Should oil prices follow the trajectory currently being forecast by commodity strategists, 2017 could see pump prices follow suit, predicts fuel card company Arval.
As ever the main factor behind any retail changes will be the price of a barrel of crude oil which following agreed cuts to OPEC production is forecast to rise during 2017, finishing the year close to $60 a barrel. To put this into context in January 2016 Brent crude was trading at around $30 a barrel.
Mike Waters, Head of Product and Insight at Arval, said, “There is always a degree of uncertainty surrounding price forecasts but the direction of travel currently seems clear with crude already trading above $50 early into 2017.”
“A doubling of the market price for crude oil over a two year period will always be reflected in prices on UK forecourts, with current prices already around 16ppl higher than 12 months ago.”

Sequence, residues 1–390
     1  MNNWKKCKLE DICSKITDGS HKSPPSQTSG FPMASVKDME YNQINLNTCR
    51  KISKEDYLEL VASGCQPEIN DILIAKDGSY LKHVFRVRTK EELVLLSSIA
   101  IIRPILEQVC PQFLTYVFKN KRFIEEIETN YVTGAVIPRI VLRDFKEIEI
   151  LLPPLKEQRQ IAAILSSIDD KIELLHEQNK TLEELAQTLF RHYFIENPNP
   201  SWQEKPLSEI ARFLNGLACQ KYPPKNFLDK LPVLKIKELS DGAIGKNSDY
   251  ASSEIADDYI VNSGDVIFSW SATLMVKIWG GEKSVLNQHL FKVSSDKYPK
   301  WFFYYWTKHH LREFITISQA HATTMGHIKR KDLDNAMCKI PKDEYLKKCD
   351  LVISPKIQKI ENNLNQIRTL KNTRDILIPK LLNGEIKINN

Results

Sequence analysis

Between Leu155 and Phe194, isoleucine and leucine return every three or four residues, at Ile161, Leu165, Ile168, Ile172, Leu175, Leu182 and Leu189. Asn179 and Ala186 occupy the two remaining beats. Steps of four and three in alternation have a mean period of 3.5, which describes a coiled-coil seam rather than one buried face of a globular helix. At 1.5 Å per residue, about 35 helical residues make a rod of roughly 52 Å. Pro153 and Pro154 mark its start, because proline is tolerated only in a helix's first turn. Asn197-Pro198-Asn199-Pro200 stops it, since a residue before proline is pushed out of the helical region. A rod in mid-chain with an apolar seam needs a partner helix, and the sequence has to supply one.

“This should make fleets pause for thought when it comes to their fuel strategies. There is much that can be done to manage fuel costs but it does take committed management action.”
Arval’s figures show that fuel can make up as much as a third of the Whole Life Cost of a vehicle and Mike pointed out that a fuel card remained the cornerstone of sound fuel management.
“A fuel card gives you two fundamentals – a high level of control over spending and reliable, timely data. There is really no other way to achieve this.”
“Once you have a good fuel card in place, you can start to take action over day-to-day fuel purchasing and fuel use, specifying where fuel is bought and identifying the drivers and cars that deliver MPG figures outside of acceptable parameters.”
Mike said that, fuel prices were likely to lead to more fundamental changes, such as rethinking vehicle choice lists. “Higher fuel bills make it even more important for fleets to select the right vehicle type for the job at hand.”
“One of the interesting things about the last year or two is that, perhaps for the first time, there are genuine alternatives in terms of new technology to simply selecting petrol or diesel.”
“It could be that, as fuel prices rise, penetration of fleets into all kinds of hybrid and, to a lesser extent, of EVs, will increase. These drivetrains allow fleets to access new ways of circumventing pump price increases in ways that previously were just not possible.”